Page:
The period of Mr. Beck and Ms. Malina’s greatest impact and notoriety began in the late 1950s with productions that included groundbreaking dramas like The Connection (1959), Jack Gelber’s harrowing depiction of a den of heroin addicts, and The Brig (1963), Kenneth H. Brown’s portrayal of a harsh day in the life of a Marine prison. (Both were made into films.) It was during the run of “The Brig” that the Living was shut down by the Internal Revenue Service — an event that led to demonstrations outside the company’s home at West 14th Street and Avenue of the Americas, with placards bearing slogans like “Art Before Taxes.”
Mr. Beck and Ms. Malina represented themselves at their trial, arguing that it was both wrong and unreasonable for the government to take away their theater without making a good-faith effort to help them save it, and that their nonviolent civil disobedience was a reaction against the unfair administration of the law. But they also turned the trial into a loopy spectacle that included rambling speechifying, outbursts of protest and Ms. Malina’s recitation of her poems.
The human heart and the human mind have to examine the rigidity of the law, Ms. Malina said in summing up the case to the jury, which convicted her, Mr. Beck and the Living Theater on several counts surrounding the crime of impeding federal agents from seizing the assets of the tax-delinquent theater.
Innocent! Ms. Malina exclaimed, each time the prosecutor, Peter K. Leisure, used the word “guilty.” Judge Edmund Palmieri reprimanded her.
You can cut out my tongue, but you cannot stop me from saying that I am innocent, she responded. I will not grant you that privilege, sir.
Mr. Malina and Mr. Beck were fined and given brief jail sentences, though pending an appeal they were allowed to leave for Europe, where the Living had bookings, and they and the company went into self-imposed exile.
As time went on, their shows, which included adaptations of “Antigone” and “Frankenstein,” were staged, usually by Ms. Malina, with mounting radical fervor and an application of techniques that tended to sublimate artistic craft in favor of political passion and to blur the distinction between performance and real life. Living Theater productions through the 1960s were increasingly characterized by improvisation, and troupe members addressed spectators directly, encouraging them to participate vocally as if contributing to a spontaneously evolving script and even exhorting them to join the troupe onstage or exit the theater and take the performance into the streets.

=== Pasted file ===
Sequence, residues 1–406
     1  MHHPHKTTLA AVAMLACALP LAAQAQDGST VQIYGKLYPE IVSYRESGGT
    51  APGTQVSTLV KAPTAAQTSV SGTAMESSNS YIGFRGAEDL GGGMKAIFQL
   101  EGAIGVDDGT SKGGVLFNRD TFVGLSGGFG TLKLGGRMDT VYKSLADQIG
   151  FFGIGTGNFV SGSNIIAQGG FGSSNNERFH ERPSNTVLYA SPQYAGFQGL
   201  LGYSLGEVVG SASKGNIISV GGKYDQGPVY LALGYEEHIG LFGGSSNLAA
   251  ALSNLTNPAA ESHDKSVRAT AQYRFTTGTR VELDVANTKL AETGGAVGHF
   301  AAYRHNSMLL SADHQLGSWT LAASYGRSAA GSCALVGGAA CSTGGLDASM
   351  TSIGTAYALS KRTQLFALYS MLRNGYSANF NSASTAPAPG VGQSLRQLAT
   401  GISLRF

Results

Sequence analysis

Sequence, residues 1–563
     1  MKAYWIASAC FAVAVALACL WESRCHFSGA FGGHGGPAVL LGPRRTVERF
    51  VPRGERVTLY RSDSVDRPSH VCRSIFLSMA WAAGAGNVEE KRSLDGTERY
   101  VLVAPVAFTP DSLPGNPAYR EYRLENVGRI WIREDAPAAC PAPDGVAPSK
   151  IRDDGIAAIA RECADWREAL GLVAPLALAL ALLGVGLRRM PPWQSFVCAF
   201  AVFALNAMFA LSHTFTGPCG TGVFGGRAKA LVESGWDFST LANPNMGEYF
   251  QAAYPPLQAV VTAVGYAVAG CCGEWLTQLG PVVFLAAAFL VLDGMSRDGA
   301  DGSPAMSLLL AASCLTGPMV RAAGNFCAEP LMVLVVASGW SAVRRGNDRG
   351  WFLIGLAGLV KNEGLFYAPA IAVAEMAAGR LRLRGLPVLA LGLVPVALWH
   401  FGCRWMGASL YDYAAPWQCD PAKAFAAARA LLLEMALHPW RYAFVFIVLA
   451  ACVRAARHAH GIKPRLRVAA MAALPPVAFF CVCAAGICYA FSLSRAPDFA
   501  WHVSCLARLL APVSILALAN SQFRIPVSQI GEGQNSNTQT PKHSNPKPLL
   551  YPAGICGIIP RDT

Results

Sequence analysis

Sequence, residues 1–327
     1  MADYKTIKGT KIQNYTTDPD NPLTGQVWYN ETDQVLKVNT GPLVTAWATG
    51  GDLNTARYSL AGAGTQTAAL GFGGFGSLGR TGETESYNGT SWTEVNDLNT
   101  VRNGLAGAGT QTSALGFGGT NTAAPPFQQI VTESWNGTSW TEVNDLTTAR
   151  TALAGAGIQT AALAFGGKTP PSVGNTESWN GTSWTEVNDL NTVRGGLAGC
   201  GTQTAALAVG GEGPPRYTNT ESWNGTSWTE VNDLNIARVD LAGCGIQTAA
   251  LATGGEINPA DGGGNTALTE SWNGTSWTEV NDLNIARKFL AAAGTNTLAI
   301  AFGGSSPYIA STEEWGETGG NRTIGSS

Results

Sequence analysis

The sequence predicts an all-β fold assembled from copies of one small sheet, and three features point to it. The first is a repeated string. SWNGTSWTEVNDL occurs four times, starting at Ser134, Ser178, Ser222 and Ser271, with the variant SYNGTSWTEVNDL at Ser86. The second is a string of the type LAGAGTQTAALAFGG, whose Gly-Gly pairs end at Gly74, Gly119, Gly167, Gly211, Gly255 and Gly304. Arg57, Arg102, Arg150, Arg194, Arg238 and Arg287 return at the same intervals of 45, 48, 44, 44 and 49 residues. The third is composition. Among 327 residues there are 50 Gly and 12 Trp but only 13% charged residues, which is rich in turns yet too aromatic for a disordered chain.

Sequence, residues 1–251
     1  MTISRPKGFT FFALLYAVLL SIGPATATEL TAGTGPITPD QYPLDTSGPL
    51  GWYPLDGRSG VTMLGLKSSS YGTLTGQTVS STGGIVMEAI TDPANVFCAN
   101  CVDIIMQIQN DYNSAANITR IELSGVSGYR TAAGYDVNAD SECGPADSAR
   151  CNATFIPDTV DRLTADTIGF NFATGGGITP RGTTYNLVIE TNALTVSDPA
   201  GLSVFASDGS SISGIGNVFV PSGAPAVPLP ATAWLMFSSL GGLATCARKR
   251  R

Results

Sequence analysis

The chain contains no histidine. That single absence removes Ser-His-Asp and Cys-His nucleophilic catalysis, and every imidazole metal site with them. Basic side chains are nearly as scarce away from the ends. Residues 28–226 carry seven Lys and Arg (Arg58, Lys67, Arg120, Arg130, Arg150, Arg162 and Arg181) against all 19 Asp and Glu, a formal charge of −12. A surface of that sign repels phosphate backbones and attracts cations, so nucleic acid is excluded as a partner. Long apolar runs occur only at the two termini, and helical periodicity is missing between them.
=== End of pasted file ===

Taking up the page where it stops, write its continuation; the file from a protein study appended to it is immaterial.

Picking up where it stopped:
The company’s most notorious show, Paradise Now , consisted of a jumble of nonlinear vignettes, theater games, ritualistic exercises, group embraces and volleys of incantatory anticapitalist slogans and other epithets, some encouraging sexual abandon and marijuana use, often culminating with members of the company and the audience taking off their clothes. The vehemence of the revolutionary message and its delivery joined the Living irrevocably to the more perfervid nonviolent strain of the 1960s counterculture.
I demand everything — total love, an end to all forms of violence and cruelty such as money, hunger, prisons, people doing work they hate, Ms. Malina explained in a 1968 interview with The New York Times Magazine about the sort off revolution her theater wanted to engender. We can have tractors and food and joy. I demand it now!
V Paradise Now. FOTO archiv
Performances of “Paradise Now” often generated chaos in the theater and controversy outside it. In Europe, where the Living became a collective (operating as, in one reporter’s words, “a tribe or an anarchist’s commune”) and commanded a large and youthful following that newspapers routinely described as hippies, the police were called to shut down or prevent performances of “Paradise Now” and other Living shows in Rome, Avignon and elsewhere. In 1968 the Living returned to the United States, where, after a performance at Yale, several members of the company and the audience were arrested for indecent exposure.
The Living subsequently appeared at the Brooklyn Academy of Music, where their performances engendered, in addition to the usual raucous reception, a critical war waged in print, including in The New York Times, where critics including Walter Kerr and Eric Bentley dismissed the Living as jejune and antitheatrical, and Clive Barnes, who approved of the company’s invention and physicality, saw in it a melding of theater and dance.